Linkhttp://doi.org/10.2196/mhealth.8146
TitleNoncommunicable Disease Risk Factors and Mobile Phones: A Proposed Research Agenda.
AuthorsHyder, AA; Wosu, AC; Gibson, DG; Labrique, AB; Ali, J; Pariyo, GW
JournalJournal of medical Internet research
Publication Date5 May 2017
Date Added to PubMed10 May 2017
AbstractNoncommunicable diseases (NCDs) account for two-thirds of all deaths globally, with 75% of these occurring in low- and middle-income countries (LMICs). Many LMICs seek cost-effective methods to obtain timely and quality NCD risk factor data that could inform resource allocation, policy development, and assist evaluation of NCD trends over time. Over the last decade, there has been a proliferation of mobile phone ownership and access in LMICs, which, if properly harnessed, has great potential to support risk factor data collection. As a supplement to traditional face-to-face surveys, the ubiquity of phone ownership has made large proportions of most populations reachable through cellular networks. However, critical gaps remain in understanding the ways by which mobile phone surveys (MPS) could aid in collection of NCD data in LMICs. Specifically, limited information exists on the optimization of these surveys with regard to incentives and structure, comparative effectiveness of different MPS modalities, and key ethical, legal, and societal issues (ELSI) in the development, conduct, and analysis of these surveys in LMIC settings. We propose a research agenda that could address important knowledge gaps in optimizing MPS for the collection of NCD risk factor data in LMICs and provide an example of a multicountry project where elements of that agenda aim to be integrated over the next two years.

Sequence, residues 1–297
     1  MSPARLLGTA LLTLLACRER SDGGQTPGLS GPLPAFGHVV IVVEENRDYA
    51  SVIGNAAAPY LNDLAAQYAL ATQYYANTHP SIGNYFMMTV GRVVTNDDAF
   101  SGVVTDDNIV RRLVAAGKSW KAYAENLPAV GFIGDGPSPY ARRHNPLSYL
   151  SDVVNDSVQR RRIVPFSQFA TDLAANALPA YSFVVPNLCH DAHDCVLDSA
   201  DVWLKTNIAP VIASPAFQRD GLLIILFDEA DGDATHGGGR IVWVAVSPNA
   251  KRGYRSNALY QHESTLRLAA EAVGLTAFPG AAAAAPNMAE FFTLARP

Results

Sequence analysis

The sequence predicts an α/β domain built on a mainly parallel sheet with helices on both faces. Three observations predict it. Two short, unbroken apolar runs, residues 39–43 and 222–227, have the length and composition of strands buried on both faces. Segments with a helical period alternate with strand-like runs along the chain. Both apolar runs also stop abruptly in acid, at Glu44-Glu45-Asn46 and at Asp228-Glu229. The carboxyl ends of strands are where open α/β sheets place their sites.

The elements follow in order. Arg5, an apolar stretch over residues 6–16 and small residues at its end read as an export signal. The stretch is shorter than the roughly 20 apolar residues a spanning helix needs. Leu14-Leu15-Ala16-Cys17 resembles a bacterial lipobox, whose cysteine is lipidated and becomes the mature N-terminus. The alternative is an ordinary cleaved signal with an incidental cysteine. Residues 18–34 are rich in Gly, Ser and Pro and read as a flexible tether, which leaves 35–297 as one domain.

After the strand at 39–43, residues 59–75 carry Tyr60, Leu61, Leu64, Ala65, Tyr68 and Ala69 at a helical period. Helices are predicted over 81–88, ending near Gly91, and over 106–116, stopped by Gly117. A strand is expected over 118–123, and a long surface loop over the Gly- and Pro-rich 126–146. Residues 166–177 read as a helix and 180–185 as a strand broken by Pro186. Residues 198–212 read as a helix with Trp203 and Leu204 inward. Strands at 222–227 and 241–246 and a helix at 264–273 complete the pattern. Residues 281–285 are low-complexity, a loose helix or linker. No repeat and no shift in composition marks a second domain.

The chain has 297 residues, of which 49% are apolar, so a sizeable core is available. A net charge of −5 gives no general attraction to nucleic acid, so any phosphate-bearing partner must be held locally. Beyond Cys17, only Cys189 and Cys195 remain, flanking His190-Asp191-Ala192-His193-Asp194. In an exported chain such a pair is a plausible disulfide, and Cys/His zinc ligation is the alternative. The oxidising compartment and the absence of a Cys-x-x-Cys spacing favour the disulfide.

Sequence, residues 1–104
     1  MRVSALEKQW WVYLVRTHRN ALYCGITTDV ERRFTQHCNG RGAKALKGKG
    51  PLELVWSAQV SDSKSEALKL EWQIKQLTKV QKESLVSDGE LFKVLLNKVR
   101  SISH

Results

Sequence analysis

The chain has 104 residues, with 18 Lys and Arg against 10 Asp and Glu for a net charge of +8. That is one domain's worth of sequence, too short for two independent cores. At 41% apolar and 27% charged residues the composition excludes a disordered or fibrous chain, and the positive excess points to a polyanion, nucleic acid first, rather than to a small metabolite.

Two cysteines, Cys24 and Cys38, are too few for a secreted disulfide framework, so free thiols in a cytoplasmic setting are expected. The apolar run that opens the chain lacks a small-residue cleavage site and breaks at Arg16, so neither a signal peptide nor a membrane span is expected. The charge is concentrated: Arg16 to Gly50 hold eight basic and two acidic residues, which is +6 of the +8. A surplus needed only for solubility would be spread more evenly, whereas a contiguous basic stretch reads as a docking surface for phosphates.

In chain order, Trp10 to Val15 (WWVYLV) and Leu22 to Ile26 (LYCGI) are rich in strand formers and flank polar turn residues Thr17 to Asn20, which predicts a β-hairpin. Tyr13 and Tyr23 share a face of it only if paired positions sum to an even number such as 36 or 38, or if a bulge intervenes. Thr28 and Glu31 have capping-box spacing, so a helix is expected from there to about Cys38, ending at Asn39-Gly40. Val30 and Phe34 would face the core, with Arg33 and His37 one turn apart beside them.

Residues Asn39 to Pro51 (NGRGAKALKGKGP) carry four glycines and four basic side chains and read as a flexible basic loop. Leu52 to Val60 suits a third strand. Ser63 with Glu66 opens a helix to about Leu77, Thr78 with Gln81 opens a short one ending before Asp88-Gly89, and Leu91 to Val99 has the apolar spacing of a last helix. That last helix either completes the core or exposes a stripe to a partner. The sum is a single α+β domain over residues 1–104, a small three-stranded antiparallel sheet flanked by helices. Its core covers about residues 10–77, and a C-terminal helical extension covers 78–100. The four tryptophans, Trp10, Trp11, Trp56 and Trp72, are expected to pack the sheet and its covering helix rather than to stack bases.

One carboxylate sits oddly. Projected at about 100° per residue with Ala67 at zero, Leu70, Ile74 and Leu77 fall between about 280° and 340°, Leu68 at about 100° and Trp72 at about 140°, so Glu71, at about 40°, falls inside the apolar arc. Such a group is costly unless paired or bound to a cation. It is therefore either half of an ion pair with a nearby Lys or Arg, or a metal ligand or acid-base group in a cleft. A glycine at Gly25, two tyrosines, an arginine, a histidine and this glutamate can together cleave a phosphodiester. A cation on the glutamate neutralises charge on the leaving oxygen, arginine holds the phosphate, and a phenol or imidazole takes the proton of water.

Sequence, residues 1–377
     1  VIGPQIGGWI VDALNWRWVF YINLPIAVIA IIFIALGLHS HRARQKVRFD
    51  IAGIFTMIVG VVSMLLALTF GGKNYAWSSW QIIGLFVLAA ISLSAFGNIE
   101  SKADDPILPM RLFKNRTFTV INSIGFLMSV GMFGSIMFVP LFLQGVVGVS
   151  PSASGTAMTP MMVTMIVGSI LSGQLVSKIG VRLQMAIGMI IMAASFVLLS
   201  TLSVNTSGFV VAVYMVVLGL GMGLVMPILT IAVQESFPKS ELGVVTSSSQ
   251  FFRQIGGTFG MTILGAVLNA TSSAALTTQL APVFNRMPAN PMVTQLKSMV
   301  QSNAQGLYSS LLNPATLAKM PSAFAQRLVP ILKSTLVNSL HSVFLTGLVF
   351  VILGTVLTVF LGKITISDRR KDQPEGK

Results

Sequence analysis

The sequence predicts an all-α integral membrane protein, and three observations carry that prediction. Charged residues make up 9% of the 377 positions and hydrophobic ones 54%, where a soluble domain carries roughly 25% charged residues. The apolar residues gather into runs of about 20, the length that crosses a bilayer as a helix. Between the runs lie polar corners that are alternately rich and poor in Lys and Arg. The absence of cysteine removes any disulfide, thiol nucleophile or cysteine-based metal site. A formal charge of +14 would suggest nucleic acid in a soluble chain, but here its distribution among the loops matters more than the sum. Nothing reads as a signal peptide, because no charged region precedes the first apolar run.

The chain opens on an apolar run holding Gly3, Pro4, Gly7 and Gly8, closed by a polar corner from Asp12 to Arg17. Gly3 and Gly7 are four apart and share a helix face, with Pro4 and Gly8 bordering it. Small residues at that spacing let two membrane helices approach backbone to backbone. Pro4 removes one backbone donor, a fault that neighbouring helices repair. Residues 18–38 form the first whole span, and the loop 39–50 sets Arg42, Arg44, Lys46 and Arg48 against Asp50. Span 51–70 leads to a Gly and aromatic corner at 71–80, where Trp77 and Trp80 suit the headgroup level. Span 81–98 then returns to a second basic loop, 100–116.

Linkhttp://doi.org/10.2196/jmir.7246
TitleAdaptation of a mobile phone health survey for risk factors for noncommunicable diseases in Colombia: a qualitative study.
AuthorsTorres-Quintero, A; Vega, A; Gibson, DG; Rodriguez-Patarroyo, M; Puerto, S; Pariyo, GW; Ali, J; Hyder, AA; Labrique, A; Selig, H; Peñaloza, RE; Vecino-Ortiz, AI
JournalGlobal health action
Publication Date31 Dec 2020
Date Added to PubMed29 Aug 2020
AbstractData collection on noncommunicable disease (NCD) behavioral risk factors has traditionally been carried out through face-to-face surveys. However, its high costs and logistical difficulties can lead to lack of timely statistics for planning, particularly in low and middle-income countries. Mobile phone surveys (MPS) have the potential to fill these gaps. This study explores perceptions, feasibility and strategies to increase the acceptability and response rate of health surveys administered through MPS using interactive voice response in Colombia. A sequential multimodal exploratory design was used. We conducted key informant interviews (KII) with stakeholders from government and academia; focus group discussions (FGDs) and user-group tests (UGTs) with young adults and elderly people living in rural and urban settings (men and women). The KII and FGDs explored perceptions of using mobile phones for NCD surveys. In the UGTs, participants were administered an IVR survey, and they provided feedback on its usability and potential improvement. Between February and November 2017, we conducted 7 KII, 6 FGDs (n = 54) and 4 UGTs (n = 34). Most participants consider MPS is a novel way to explore risk factors in NCDs. They also recognize challenges for their implementation including security issues, technological literacy and telecommunications coverage, especially in rural areas. It was recommended to promote the survey using mass media before its deployment and stressing its objectives, responsible institution and data privacy safeguards. The preferences in the survey administration relate to factors such as skills in the use of mobile phones, age, availability of time and educational level. The participants recommend questionnaires shorter than 10 minutes. The possibility of obtaining data through MPS at a population level represents an opportunity to improve the availability of risk-factor data. Steps towards increasing the acceptability and overcoming technological and methodological challenges need to be taken.
Linkhttp://doi.org/10.1080/16549716.2020.1809841